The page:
Achieve velocity and increase your value to the customer.
Your company has identified a product or service that the world needs. Initially you put in countless hours and lots of energy, and you created a process.
As demand increases, you add people, move to a larger location, but with the initial process still in place. Along comes a consultant who encourages you to adopt lean methodologies. What should you do?
Well, start by understanding lean is not a cost reduction exercise. It’s about increasing velocity within your process while enhancing your brand image.
Most manufacturers start and often stop with 5S, believing they’ve implemented lean, but what they’ve actually done is complete a huge house cleaning exercise.
5S is a lot about building your brand. Consider what kind of professional image you want your organization to project. Articulate this into quantifiable requirements such as colour, font size and the “no tape” rule where reminders written on plain paper and taped to walls, doors or workstations are forbidden.
Building your brand image reflects the respect your people and process deserve. The environment surrounding your process should be inviting and professional. This will engage your employees to act professionally and make them proud to be part of the team. A disorganized work area says professional standards are not required.
As you implement 5S, look at how your workplace reduces walking distance and repetitive reach (two steps is five feet and reaching 30 inches is 0.6 seconds each time).
Adoption of lean methodology is about opening capacity, particularly if you approach 5S implementation with “eyes for flow” and “eyes for waste.” Most manufacturers are focused on cost reductions, equating them with less head count. In most cases adding people or re-allocating resources significantly improves process velocity, enhances customer delight and could become a significant competitive differentiator.
At a large RV dealership, employees blamed the OEM for poor quality and the response to any customer was two weeks, because that was perceived as the industry standard. Minor process modifications could dramatically improve throughput velocity and increase business exponentially. Yet, when they’re making so much money, there’s no burning platform to spur change.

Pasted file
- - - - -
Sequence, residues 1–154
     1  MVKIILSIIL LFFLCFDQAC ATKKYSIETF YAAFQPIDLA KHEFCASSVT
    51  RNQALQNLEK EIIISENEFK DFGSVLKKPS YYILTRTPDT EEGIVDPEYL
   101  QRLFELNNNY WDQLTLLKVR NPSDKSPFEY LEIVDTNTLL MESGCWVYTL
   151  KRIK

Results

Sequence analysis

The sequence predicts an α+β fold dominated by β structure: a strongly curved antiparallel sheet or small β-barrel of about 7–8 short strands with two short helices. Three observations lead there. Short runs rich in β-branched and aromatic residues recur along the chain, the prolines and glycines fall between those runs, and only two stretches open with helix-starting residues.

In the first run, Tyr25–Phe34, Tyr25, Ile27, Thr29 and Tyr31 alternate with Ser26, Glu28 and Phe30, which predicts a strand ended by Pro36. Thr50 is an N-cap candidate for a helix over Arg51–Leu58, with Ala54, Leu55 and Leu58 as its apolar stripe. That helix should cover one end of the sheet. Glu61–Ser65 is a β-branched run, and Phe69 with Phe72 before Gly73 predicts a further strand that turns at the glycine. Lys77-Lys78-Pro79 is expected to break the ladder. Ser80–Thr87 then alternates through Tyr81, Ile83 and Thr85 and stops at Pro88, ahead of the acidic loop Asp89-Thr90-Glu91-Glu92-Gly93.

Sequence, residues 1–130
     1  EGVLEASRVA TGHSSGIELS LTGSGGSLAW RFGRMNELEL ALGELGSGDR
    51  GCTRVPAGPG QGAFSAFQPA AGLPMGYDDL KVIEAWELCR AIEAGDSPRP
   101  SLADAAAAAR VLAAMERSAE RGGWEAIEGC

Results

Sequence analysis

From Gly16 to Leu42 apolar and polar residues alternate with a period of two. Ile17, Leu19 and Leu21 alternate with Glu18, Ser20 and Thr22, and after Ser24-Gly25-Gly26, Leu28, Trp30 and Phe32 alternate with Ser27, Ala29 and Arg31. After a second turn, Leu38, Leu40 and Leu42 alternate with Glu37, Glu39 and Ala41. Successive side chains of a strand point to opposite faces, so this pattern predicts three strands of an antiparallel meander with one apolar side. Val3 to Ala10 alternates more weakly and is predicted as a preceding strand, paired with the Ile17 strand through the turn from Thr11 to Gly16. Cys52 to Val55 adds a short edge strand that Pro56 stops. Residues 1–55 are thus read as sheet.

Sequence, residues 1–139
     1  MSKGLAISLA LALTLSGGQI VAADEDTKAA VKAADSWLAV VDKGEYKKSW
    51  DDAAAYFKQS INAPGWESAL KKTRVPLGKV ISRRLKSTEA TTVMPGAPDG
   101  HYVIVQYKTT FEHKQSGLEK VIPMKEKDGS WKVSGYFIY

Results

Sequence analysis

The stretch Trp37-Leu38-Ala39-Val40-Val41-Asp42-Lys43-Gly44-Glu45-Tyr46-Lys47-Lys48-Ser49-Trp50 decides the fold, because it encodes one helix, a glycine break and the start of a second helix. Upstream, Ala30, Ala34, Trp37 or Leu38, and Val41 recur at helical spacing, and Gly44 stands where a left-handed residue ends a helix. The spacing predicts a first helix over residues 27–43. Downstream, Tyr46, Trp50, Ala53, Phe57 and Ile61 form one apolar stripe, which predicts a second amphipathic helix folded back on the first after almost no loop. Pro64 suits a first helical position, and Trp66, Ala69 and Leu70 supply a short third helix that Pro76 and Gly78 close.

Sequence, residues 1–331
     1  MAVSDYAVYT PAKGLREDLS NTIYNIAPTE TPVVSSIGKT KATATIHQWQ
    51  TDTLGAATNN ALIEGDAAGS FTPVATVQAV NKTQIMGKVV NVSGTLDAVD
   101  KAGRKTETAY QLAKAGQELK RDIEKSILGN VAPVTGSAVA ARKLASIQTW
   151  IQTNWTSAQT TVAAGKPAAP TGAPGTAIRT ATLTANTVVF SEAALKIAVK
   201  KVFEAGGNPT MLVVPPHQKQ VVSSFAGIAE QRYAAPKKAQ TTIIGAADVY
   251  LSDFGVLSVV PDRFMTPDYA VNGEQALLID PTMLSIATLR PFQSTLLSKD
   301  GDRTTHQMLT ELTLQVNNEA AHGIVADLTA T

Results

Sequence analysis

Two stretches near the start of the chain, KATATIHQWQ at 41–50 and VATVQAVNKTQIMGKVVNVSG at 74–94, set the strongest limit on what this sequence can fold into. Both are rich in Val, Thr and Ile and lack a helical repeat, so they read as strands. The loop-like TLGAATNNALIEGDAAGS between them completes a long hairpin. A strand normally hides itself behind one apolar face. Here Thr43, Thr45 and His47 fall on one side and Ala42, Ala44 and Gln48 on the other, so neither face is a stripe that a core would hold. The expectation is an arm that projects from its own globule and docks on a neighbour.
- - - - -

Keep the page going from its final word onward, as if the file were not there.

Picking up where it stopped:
If you do not have a burning platform (urgent need to change) to stimulate action, create one. Sometimes the vision may not be immediately evident, but it will become clearer with progress.
Focusing on velocity and lean methodologies makes sense, but it’s very important to respect your people and provide feedback constantly.
Run boards stimulate the competitiveness within each employee as they strive to meet hourly targets or exceed them. And daily management report-outs allow employees to share disturbances to flow experienced over the previous 24 hours, as well as express concerns about potential issues in the coming 24 hours.
Kanban provides a visual authorization to produce, replenish or retrieve. A kanban at the finished goods level fuels the production kanban.
Typically there’s a 30% reduction in finished goods inventory while improving machine uptime. Why? Because employees know the process and can optimize it.
Of course reflections are mandatory for success, whether in real time (supervisors), daily (management report-outs) or monthly (four month, check, do, act, plan). It’s from here the richness of enhancing your lean deployment comes. Many focus on the implementation and forget to take time to get “on” the business because it seems like too much fun being “in” the business.
Finally, an effective lean program comes with lots of checklists and many white boards. Checklists act as an alarm to wake up employees if something is not correct, and prompts them to rectify the situation – very much like error proofing a process. Employees use whiteboards to give real-time feedback, which they trust and believe in more than any computer generated metric.
Ultimately, lean is a reflection of your business. How is it looking?
Richard Kunst is president and CEO of Cambridge, Ont.-based Kunst Solutions Corp., which helps companies become more agile, develop evolutionary management and implement lean solutions. Visit www.kunstsolutions.com. E-mail firstname.lastname@example.org.
This article appeared in the November-December 2018 print issue of PLANT.